However, judging from other reports on biometrics, there are still more factors to consider.

Last December, the New York Times reported that international passport guidelines advised people posing for passports that, "only closed-mouth, 'neutral' expressions will be allowed," so that they could be read by biometrics instruments. Throwing a bone to the irrepressibly cheerful, the guidelines state that a "smile with closed jaw is allowed, but is not preferred." So don't you dare smile with an open mouth unless you want the terrorists to win.

The assumption is that while faces change as people age, the mathematical value of their features stays fundamentally the same over time. Once the biometric features of the face are determined, the theory holds, they can be used as identification throughout an individual's life. Critics argue that this premise is fundamentally flawed, claiming that skin diseases and aging can throw biometric data out of whack.

In light of last year's scandals at the agency, few argue that the Connecticut Department of Motor Vehicles needed restructuring and reform. But it's not clear how much face-recognition technology and biometrics directly addresses those problems.

In August 2004, an employee at the Norwalk DMV was charged with accepting bribes in exchange for providing illegal immigrants with driver's licenses. Further investigations uncovered over 400 other fraudulent licenses issued by that employee in 2003 alone. Three DMV workers have been charged in connection with the investigation.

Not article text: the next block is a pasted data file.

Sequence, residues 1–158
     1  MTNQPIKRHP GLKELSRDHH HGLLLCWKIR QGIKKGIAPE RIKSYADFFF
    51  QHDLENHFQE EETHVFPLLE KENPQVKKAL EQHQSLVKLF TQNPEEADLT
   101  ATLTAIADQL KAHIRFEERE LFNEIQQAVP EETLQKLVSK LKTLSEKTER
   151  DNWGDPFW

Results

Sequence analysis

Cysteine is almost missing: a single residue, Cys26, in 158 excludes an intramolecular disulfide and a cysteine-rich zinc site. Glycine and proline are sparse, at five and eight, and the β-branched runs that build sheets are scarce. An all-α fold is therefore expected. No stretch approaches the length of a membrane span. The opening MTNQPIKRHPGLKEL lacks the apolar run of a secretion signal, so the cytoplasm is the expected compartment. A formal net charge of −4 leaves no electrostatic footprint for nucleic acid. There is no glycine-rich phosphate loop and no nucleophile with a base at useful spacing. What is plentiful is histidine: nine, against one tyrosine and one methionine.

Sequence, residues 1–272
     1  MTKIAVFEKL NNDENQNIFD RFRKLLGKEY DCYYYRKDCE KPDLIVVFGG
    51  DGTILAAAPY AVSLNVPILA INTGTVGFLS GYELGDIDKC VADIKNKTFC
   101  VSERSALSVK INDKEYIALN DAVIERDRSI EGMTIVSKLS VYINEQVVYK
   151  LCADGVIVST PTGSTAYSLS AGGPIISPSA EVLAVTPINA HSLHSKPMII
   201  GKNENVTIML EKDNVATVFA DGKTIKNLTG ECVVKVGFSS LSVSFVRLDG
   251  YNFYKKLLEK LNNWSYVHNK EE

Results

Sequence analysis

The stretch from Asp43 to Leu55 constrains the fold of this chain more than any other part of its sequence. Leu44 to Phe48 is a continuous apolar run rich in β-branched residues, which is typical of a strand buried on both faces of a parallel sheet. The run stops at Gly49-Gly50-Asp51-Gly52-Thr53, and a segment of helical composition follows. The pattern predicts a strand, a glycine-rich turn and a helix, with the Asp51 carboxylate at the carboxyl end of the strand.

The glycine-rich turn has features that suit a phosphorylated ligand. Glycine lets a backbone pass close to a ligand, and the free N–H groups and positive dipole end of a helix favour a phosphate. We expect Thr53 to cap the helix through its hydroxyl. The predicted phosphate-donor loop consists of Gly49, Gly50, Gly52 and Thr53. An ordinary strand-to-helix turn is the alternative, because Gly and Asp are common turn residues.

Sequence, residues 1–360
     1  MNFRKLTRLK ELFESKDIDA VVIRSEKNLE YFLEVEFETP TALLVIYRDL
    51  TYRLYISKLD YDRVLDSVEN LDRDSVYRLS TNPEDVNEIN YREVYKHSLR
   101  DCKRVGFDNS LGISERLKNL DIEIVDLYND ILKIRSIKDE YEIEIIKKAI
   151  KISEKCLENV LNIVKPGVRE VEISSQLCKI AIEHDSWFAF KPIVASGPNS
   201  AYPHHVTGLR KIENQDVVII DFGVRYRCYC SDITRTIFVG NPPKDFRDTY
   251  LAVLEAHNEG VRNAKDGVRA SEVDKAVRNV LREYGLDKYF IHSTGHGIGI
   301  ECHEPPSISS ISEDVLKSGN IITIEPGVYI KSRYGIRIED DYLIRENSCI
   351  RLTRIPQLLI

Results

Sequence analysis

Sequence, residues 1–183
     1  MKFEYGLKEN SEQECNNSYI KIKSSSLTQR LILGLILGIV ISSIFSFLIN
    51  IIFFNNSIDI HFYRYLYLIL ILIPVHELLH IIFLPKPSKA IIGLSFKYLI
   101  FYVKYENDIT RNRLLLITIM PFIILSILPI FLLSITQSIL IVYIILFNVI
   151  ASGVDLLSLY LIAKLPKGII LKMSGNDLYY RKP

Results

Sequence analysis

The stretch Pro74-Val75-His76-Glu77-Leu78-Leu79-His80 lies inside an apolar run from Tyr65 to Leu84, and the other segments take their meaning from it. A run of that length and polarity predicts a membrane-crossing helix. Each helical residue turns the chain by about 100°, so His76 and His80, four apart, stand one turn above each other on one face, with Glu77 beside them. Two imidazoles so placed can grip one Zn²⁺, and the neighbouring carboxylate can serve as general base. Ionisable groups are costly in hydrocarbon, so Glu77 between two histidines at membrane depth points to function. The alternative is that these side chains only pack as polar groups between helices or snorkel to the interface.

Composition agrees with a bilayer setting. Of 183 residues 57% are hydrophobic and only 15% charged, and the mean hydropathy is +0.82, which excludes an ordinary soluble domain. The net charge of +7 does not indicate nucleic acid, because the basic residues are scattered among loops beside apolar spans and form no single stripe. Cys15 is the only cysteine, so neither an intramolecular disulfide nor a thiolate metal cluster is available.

The scam the DMV employees worked was notably low-tech. The operation relied on corrupt insiders working at DMV offices and a lack of supervision of those employees. A high-tech scan of faces in a database provides for more accountability, as does the agency's implementation of biometric fingerprint-scanning systems for recording employee use of machines.

But still, the question of motivation lingers. Viisage provides identification work for six other states' DMVs. A recent Associated Press article listed Rhode Island, North Carolina, Delaware, Illinois, Oklahoma and another state that declined to be identified because of security concerns, as customers. Viisage also works on U.S. passports and, according to the Viisage website, provides services for the Department of Homeland Security, the Defense Department, several city law enforcement agencies and, curiously, for Pakistan's national identification program.

Despite repeated inquiries to Viisage and the public relations firm that represents the company, I was not able to speak with anyone representing the company. As a result, I don't know whether Viisage maintains a central database of photographs and biometric data or if its clients create their own using Viisage's technology.

If Viisage controls the database, well, that's quite a bit of technology in the hands of a private company. If it doesn't, it's easy to imagine how several databases that share the same technology could be linked up.

Of course, Viisage is not the only company that works with biometrics or face-recognition technology, nor is it the largest. Firms such as Identix and Digimarc are also major players in biometric security.

Since Sept. 11, the idea of a national identification card and information database has been floated and rejected several times. All of these unconnected pools of centralized information, though, could easily be channeled together after a national crisis.